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Will the knowledgeable collector of Greek pots post their collection online?


The Italian authorities are keen to reduce looting. They have prosecuted dealers and their suppliers. They have requested that major North European museums return archaeological objects without resorting to the courts. They have also been seeking out objects apparently removed from archaeological contexts in Italy that are known to have passed through the hands of dealers in Switzerland.

Through the 1970s, 1980s, and 1990s (and indeed into this millennium) certain museums and private collectors have been more than happy to buy recently surfaced antiquities. Did they ever stop and ask themselves why the objects failed to have any documentation to show that they came from verifiable "old collections"? These institutions and private individuals were happy to buy in "good faith" and ignore the problem of looting.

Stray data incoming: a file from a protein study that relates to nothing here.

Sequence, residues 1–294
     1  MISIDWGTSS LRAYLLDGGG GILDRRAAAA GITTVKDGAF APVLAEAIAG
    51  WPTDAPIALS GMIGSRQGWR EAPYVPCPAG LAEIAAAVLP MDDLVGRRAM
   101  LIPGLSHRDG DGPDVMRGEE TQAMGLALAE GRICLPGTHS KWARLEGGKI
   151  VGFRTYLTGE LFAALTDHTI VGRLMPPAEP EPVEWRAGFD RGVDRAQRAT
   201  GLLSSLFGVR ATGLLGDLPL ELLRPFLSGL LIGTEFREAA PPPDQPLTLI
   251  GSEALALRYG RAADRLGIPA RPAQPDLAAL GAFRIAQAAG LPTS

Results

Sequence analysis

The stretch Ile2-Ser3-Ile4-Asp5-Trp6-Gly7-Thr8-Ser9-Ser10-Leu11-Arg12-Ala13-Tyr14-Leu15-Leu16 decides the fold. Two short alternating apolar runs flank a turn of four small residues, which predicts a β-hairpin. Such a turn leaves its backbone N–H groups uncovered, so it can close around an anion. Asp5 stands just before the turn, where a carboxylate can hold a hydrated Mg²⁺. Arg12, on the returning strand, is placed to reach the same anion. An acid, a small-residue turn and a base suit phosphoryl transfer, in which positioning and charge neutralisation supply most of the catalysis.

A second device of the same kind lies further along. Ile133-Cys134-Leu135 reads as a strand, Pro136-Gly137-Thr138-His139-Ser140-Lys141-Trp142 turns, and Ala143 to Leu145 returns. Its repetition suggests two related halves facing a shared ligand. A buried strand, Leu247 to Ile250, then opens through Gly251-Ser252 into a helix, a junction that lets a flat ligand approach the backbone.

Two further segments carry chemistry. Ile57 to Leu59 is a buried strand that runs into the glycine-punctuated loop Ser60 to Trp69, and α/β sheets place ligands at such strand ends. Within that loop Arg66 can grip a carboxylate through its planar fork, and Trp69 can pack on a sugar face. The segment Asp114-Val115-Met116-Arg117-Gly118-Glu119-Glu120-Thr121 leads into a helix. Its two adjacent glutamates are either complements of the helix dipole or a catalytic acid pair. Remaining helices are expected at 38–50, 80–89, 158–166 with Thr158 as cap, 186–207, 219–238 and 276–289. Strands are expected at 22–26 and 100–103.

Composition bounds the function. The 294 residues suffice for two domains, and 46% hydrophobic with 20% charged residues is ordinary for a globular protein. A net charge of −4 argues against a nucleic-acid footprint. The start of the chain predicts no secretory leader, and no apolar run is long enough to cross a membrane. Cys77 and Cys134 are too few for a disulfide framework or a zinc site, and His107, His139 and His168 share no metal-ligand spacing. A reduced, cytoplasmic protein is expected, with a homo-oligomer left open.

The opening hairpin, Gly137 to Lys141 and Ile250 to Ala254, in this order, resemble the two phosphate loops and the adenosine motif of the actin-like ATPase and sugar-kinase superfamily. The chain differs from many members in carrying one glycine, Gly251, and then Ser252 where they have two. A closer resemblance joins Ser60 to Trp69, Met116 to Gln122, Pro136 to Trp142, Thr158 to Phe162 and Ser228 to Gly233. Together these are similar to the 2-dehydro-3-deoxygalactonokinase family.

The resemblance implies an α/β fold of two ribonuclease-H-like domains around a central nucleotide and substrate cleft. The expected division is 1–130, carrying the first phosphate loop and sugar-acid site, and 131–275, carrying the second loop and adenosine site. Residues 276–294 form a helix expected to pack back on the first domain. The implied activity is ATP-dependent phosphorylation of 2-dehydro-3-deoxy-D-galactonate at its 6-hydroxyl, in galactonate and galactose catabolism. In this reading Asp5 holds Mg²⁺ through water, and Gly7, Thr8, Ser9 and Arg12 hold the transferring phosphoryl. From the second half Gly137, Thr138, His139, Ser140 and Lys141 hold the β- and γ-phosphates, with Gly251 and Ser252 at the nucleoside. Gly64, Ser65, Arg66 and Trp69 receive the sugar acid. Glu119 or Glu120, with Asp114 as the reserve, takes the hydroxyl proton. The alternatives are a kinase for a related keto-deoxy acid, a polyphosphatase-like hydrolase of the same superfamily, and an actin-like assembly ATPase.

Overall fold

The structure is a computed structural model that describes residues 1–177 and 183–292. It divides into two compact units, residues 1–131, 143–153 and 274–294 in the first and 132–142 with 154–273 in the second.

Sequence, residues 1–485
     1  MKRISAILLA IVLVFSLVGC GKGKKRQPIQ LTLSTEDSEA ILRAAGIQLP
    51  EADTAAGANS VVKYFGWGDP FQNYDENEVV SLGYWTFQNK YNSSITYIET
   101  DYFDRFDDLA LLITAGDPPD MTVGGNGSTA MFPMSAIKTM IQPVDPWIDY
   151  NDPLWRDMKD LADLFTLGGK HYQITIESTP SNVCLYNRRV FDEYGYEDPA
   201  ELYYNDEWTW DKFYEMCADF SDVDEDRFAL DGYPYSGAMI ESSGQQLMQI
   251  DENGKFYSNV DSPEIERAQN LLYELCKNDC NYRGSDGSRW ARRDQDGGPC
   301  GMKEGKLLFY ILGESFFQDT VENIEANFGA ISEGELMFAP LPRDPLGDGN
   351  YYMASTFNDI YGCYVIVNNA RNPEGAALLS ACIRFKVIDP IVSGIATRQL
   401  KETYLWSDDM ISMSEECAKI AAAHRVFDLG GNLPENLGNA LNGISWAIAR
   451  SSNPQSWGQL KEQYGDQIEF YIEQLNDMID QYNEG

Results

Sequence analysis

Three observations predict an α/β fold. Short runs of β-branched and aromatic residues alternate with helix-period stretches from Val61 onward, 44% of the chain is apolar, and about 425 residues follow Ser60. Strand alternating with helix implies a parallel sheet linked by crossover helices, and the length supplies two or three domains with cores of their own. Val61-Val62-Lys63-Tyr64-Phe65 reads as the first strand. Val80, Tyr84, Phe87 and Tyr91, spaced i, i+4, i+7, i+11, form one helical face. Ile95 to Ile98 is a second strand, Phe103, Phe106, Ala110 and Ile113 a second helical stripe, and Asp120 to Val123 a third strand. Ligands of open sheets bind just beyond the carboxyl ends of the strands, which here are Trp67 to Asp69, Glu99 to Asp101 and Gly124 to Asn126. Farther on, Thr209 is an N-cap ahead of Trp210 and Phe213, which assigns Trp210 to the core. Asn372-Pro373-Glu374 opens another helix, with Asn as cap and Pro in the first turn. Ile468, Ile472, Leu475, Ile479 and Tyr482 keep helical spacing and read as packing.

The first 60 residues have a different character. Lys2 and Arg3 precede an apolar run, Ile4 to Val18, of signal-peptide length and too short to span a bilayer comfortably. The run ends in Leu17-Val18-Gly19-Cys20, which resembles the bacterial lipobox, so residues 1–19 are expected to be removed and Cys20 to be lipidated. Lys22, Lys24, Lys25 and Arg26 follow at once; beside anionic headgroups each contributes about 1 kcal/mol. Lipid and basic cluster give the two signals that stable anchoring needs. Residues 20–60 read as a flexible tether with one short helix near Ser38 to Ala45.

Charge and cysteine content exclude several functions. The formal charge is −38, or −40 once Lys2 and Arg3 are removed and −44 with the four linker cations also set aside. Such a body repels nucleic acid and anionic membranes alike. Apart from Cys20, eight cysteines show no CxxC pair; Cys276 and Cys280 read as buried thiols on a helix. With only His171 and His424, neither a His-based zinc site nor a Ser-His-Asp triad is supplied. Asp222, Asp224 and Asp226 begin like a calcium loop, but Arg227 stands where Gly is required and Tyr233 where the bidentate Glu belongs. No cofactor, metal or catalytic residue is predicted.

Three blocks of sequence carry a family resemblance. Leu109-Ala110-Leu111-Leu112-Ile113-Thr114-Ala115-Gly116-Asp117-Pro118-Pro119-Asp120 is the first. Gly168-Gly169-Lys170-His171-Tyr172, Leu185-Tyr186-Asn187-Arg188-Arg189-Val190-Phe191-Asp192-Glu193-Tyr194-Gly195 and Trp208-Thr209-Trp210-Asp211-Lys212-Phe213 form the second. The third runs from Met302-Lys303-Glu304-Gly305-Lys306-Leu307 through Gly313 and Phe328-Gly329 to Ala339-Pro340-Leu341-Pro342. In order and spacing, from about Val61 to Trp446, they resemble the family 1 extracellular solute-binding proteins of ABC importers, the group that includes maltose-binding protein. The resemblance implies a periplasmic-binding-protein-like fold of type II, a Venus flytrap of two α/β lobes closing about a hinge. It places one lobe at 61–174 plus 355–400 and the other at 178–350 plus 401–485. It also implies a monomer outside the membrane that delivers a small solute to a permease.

And now Peter Tompa, a Washington lobbyist, has responded to the Italian move to pursue some 350 objects handled by a Zurich-based conservator. (Incidentally this conservator has been linked to the return of cultural property from at least three major North American museums.) He writes:
A knowledgeable collector of Greek vases has proposed something more modest. Why can't the Carabineri post images of this material on-line and make it easy for collectors, auction houses, dealers and museums to check whether they have inadvertently purchased artifacts with a questionable provenance?
Who is this anonymous "knowledgeable collector of Greek vases"? Will Tompa reveal her name? Or his? Will this anonymous collector of Greek figure-decorated pots post their collection online along with the collecting histories of each piece?

Such an action would make it easy for law-enforcement agencies, archaeologists, museum curators, and foreign agents to check whether that collector had inadvertently purchased pots with a less than complete collecting history.

Image
Pelike fragments, 66272-3[253] © Carabinieri


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